Sure, revolutions don’t often happen. E-commerce is not likely to take over the food retailing world. But in the words of Leo McGarry, “In the history of everything that works, there was a time when it did not.”
The grocery space remains a highly competitive environment. It likely is only going to get tougher.
In a separate presentation, Mark Batenic of IGA and Joe Sheridan of Wakefern both agreed that growing private label sales - and improved products in this segment - are a bright spot for independents, though it was clear that there is no time for the industry to rest on its laurels. And Todd Hale of The Nielsen Co. painted a picture of the current economy that, while better than during the recession, suggested that plenty of challenges remain.
Sheridan said something that caught me by surprise - that between 30 and 40 percent of the people being hired by his company are bi-lingual. That was a “wow.” That kind of attention to detail can be a real differential advantage for any store.
Independents can be different. Can be innovative. Can change the rules of the game. Take RF Buche, of Buche Foods in South Dakota. His company took an enormous amount of money out of their operating budget by switching to all-digital advertising, completely getting rid of their newspaper circulars. It went smoother than anyone could imagine, is more effective than the old method, is using weekly “barn burner” specials to drive traffic and sales, and seems to have caught the competition flat-footed. He told a panel that I moderated about “Marketing on a Budget” that one competitor tired to replicate the move by going digital-only, but didn’t do anything else special ... and that competitor is no longer in business.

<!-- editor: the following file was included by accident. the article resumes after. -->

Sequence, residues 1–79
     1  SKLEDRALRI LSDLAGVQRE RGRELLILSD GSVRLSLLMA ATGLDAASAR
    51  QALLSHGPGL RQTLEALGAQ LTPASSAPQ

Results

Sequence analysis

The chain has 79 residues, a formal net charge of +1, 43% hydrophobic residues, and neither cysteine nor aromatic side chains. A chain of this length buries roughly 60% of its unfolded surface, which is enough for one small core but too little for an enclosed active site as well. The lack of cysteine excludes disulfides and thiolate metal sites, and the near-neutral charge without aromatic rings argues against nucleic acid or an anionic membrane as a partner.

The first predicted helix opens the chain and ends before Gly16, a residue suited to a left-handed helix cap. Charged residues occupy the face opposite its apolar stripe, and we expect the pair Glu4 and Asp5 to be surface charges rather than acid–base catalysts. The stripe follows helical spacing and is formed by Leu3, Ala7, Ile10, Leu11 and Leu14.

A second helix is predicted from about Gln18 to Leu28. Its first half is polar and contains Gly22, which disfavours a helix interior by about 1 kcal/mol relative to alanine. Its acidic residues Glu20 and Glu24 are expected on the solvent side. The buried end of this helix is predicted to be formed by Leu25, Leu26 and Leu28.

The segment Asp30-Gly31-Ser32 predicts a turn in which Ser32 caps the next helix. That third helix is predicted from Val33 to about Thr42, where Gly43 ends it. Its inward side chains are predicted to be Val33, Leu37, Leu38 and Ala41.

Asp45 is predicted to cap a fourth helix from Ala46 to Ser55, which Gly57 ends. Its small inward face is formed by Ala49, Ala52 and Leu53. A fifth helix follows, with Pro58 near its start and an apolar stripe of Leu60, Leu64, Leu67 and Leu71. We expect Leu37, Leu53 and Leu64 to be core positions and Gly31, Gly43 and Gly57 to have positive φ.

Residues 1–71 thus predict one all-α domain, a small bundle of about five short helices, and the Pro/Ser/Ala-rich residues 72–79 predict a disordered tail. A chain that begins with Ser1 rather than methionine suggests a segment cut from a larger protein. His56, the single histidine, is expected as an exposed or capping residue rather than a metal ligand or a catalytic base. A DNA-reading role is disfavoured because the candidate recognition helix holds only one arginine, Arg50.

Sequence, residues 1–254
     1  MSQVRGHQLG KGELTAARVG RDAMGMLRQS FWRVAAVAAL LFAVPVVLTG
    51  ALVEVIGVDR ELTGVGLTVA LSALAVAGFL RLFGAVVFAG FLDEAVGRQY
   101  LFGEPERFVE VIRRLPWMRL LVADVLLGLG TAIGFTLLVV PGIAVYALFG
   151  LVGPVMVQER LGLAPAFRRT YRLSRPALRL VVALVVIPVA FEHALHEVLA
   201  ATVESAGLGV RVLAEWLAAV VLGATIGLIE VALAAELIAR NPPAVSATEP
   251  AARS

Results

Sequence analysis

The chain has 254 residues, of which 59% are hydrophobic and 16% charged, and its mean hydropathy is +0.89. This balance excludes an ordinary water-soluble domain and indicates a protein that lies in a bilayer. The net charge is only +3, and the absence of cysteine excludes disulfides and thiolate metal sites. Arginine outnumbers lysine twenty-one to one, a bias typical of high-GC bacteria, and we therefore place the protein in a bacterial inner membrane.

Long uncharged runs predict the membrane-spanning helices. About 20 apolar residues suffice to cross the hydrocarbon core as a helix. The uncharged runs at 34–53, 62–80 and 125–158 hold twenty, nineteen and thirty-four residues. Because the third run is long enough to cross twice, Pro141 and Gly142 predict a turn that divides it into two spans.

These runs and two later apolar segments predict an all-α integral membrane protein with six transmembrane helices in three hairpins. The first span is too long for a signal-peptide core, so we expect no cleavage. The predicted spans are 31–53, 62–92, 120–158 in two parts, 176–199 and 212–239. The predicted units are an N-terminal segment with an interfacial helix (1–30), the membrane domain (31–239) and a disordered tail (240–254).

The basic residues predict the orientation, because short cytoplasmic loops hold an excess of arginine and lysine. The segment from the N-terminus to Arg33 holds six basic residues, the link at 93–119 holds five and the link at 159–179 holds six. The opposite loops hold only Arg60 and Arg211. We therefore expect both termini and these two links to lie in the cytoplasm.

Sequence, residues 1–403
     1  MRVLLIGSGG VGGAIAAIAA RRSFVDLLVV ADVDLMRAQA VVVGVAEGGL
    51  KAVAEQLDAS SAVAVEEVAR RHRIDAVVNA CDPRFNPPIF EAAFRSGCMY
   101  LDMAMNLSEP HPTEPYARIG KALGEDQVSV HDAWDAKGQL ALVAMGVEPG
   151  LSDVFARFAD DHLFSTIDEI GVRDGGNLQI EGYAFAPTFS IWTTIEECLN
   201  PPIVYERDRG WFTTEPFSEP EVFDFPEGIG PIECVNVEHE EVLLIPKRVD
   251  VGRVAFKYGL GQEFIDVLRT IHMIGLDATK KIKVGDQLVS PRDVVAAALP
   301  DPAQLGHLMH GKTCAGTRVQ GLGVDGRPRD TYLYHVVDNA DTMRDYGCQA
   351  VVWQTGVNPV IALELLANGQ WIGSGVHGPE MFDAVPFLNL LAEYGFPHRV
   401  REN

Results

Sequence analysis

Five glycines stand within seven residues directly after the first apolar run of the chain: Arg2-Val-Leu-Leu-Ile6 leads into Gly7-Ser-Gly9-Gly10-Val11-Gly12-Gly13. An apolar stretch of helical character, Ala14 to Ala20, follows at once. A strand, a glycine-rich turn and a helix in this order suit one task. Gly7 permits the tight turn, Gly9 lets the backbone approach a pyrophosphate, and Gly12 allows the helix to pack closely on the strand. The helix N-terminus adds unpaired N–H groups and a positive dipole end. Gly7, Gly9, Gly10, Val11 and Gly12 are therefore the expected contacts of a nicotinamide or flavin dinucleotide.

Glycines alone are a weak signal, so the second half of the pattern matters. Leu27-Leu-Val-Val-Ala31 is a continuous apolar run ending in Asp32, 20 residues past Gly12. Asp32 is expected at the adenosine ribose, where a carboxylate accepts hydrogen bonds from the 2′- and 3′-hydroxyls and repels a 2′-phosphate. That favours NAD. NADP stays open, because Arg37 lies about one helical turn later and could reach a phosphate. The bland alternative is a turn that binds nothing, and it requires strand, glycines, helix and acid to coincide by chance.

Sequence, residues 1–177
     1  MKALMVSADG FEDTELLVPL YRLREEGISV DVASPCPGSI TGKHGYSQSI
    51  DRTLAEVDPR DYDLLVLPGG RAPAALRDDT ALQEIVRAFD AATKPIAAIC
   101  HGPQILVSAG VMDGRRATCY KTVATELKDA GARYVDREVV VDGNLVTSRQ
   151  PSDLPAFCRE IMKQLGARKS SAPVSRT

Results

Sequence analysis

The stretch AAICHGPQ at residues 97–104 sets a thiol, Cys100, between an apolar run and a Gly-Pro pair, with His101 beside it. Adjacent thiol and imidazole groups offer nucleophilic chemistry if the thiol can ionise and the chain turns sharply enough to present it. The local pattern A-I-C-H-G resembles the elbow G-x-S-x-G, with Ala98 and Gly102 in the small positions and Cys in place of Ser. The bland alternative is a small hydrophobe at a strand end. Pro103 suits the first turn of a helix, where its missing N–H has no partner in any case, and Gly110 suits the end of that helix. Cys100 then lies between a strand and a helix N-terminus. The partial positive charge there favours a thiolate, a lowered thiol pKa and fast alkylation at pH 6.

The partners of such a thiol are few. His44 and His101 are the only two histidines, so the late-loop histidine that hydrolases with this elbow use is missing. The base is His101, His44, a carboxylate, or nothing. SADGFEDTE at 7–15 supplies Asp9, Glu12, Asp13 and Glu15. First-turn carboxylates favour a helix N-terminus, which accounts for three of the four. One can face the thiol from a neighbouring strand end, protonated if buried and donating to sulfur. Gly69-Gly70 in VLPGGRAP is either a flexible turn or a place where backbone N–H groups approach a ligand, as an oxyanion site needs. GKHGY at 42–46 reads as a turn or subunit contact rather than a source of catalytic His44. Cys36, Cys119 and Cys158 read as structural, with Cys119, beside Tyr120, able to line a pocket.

It is about going beyond the basics. it is about changing the rules of the game.
I have enormous respect for the independent sector. Most of the independent retailers I know have the basics covered, and are seeking the innovative opportunities that can help them stand apart. And they should feel good about that.
But not too good.
Not long ago, Michael Sansolo wrote here about the scene from War Horse
when, during World War I, rifle and bayonet-carrying British soldiers on horseback come face-to-face with German soldiers carrying machine guns.
The Brits probably thought they were on the side of good and right, that they were morally superior. But they also probably figured out pretty quickly that in a fight between a machine gun and a bayonet, moral superiority means very little.
In other news from the NGA Show...
• Stephanie Teteak of Larry's Piggly Wiggly in Kaukauna, Wisconsin, won the 2012 NGA Best Bagger Championship.
• The 2012 NGA Creative Choice for Merchandising went to Broulim's of Rigby, ID, for its "Wild Alaska Seafood Sale". For advertising, the Creative Choice was awarded to Niemann Foods, Inc. (County Market) of Quincy, IL, for its "Free Turkey Loyalty Promotion".